“We were focused on a higher level of ‘on-the-ground’ security measures for our kids,” explains Associate Pastor Dale Willis, the church’s daily point person on the project. “In the original space, hallways were shared by everyone who entered the building. The new space allows for a segregated environment for all kids and youth.”
The church also gained a lot of space for these mission-critical ministries: about 16,000 square feet. Roughly speaking, 45 percent is dedicated to serving middle school and high school students. Children’s ministry spaces occupy another 45 percent. The remaining 10 percent is dedicated to 5th and 6th graders.
“Our ministry brand is summed up in the word ‘transformation,’” MacIlvaine explains. “We talk about it all the time — the fact that transformation is often quirky, awkward, zigzagging; it’s not straight line. There are always trials and difficulties. And then, sometimes, fantastic things that happen.”
In the context of ministering to children and students, this meant creating a place where the church could do work that would actively transform the next generation.
“So many parents are just going crazy, because they feel like they’re losing their kids to screens; they’re losing their kids to peers; they’re losing their kids to unfortunate school situations,” he points out. “Our goal, really, is to profoundly impact the next generation.”
And not just when they’re young, he adds — GCC aims to help parents ground their kids in a steady, enduring faith. “Not a faith that’s trendy, that [youth] will abandon when they go to college,” he explains. “We want to instill a faith that will bring them through some challenging times.”
Of course, determining what that looks like, in bricks and mortar, requires a different kind of expertise than MacIlvaine himself possesses. Again, enter the Master’s Plan team. MacIlavine credits James and his team as being “really good at taking what we wanted and putting it on paper, in terms of an architectural plan.”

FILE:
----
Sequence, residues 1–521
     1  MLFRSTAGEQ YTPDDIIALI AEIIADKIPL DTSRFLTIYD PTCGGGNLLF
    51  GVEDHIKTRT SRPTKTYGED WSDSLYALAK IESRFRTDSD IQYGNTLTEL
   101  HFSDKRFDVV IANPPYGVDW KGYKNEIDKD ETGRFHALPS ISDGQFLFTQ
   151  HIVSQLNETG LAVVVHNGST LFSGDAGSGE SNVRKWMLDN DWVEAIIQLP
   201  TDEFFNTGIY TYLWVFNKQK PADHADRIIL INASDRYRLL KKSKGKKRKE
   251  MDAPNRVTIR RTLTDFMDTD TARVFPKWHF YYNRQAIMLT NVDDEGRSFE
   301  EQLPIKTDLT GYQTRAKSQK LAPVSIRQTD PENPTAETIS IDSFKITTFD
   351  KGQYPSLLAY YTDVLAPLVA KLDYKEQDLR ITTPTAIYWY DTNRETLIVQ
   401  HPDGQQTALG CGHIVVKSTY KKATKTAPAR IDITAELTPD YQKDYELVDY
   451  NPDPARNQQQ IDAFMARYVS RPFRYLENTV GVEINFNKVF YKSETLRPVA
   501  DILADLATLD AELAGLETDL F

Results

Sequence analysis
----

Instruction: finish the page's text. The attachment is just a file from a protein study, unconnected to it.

A focus on zone coverage
Crucially, the new space achieves a second objective for GCC: to expand the church’s Celebrate Recovery ministry. This popular, mission-critical offering has been an active part of the church for nearly two decades.
Over the years, Celebrate Recovery events have been instrumental in welcoming new people to the church. “A lot of people who don’t go to our church, will come to Celebrate Recovery,” MacIlvaine says. “Sometimes they’re mandated by a judge to attend; other times, a spouse has said, ‘Get help or I’m out of here’; and sometimes a doctor or psychologist recommends [the program],” he adds. “Whatever their reasons are for coming, this is a way for us to reach into the community without leaving the walls of our building.”
Prior to COVID, MacIlvaine and his team were serving a delicious meal at the church every Monday night for its Celebrate Recovery events. When the pandemic hit, these gatherings had to be shut down. They were rebooted, post-pandemic, but attendance waned.
To ramp back up to previous levels of attendance (and beyond), the GCC team knew it needed to expand its kitchen facilities to a setup that would let them serve a large meal for more than 100 people every Monday night. With their new space, the kitchen doubled in size, allowing for a dedicated pantry space (instead of a small closet), and for larger refrigerator and freezer to accommodate all the ministries which use the kitchen.